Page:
Elon Musk has decided to drop Twitter’s media labels “State Affiliated” and “Government Funded” after receiving heavy backlash. Media entities such as NPR and PBS vehemently objected to the descriptions. Both networks halted the use of the social network owned by Musk in protest. However, this change has caused much controversy. The labels were designed to limit the spread of state-sponsored propaganda on the Elon Musk-owned social media site. Reportedly, by NPR reporter Bobby Allyn, Musk claimed that the decision to drop the media label was made by Walter Isaacson. Isaacson is working on a book about the Twitter owner.
Furthermore, NPR and PBS have not resumed the use of Twitter since suspending their activity earlier this month. Not only that, Twitter has since removed all “state-affiliated” and “government funded” labels from the site. Not to mention including accounts operated by huge news organizations like BBC, CBC, ABC, and a slew of others. Additionally, Elon Musk has been making more significant changes to the once popular bird app. Twitter recently removed “visibility filtering” restrictions on government accounts. According to NPR, from an ex-Twitter employee, at the direction of Elon Musk, Russia, Iran, and China were the three accounts to have visibility filtering removed.
Elon Musk Faces Backlash For New Changes To Twitter
The restriction was designed to thwart the spread of state-sponsored propaganda from those regimes. Nonetheless, the controversy comes just after Elon Musk greenlit the addition of the new labels to several organizations that previously didn’t have such titles. After labeling NPR with such labels NPR said it was suspending Twitter activity. The media sited noted that the label “undermine[s] our credibility by falsely implying that we are not editorially independent.” Reportedly, less than 1% of NPR’s average annual operating budget comes from federal grants.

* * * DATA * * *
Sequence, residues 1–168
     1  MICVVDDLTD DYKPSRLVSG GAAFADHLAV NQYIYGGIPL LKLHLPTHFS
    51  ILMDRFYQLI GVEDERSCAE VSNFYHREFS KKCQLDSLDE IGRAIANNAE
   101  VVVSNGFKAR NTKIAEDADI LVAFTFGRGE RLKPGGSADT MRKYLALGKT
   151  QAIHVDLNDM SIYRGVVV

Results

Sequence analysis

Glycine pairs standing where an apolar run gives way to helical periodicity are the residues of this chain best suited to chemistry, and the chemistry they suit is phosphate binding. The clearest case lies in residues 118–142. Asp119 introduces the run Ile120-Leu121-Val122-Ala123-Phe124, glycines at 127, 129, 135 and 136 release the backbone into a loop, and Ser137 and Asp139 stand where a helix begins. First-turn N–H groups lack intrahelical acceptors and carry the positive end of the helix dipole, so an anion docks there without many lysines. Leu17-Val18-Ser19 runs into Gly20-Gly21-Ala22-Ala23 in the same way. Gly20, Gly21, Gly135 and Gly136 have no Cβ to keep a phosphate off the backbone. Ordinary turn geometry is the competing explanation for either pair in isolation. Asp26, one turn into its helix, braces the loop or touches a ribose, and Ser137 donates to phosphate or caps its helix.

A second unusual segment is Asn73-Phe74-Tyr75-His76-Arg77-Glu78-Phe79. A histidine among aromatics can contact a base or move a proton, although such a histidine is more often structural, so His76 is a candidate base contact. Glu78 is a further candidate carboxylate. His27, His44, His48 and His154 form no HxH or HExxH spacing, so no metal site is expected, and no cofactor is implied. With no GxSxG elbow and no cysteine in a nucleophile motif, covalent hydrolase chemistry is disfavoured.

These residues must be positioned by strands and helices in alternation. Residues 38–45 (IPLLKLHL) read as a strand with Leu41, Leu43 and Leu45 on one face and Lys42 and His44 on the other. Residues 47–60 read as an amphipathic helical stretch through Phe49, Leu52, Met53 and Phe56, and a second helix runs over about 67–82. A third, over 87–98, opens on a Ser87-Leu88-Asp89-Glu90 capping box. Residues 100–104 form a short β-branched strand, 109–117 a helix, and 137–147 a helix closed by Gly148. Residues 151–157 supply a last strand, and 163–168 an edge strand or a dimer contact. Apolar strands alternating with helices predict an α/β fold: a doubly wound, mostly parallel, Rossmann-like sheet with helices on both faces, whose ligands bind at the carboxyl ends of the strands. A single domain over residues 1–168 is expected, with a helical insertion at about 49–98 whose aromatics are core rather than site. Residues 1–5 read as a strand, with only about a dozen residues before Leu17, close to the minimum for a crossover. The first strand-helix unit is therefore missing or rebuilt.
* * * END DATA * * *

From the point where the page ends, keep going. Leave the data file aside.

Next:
The label eradication came Friday the day after Musk revoked thousands of blue checks from a myriad of accounts of celebrities, influencers, and athletes. The move was designed to boost subscription rates and revenue. However, the Tesla tycoon conveniently framed it as democratizing the user-verification process (make it make sense). How do you feel about Twitter in the Elon Musk era? Are you buying a blue check? Let HNHH know in the comments below!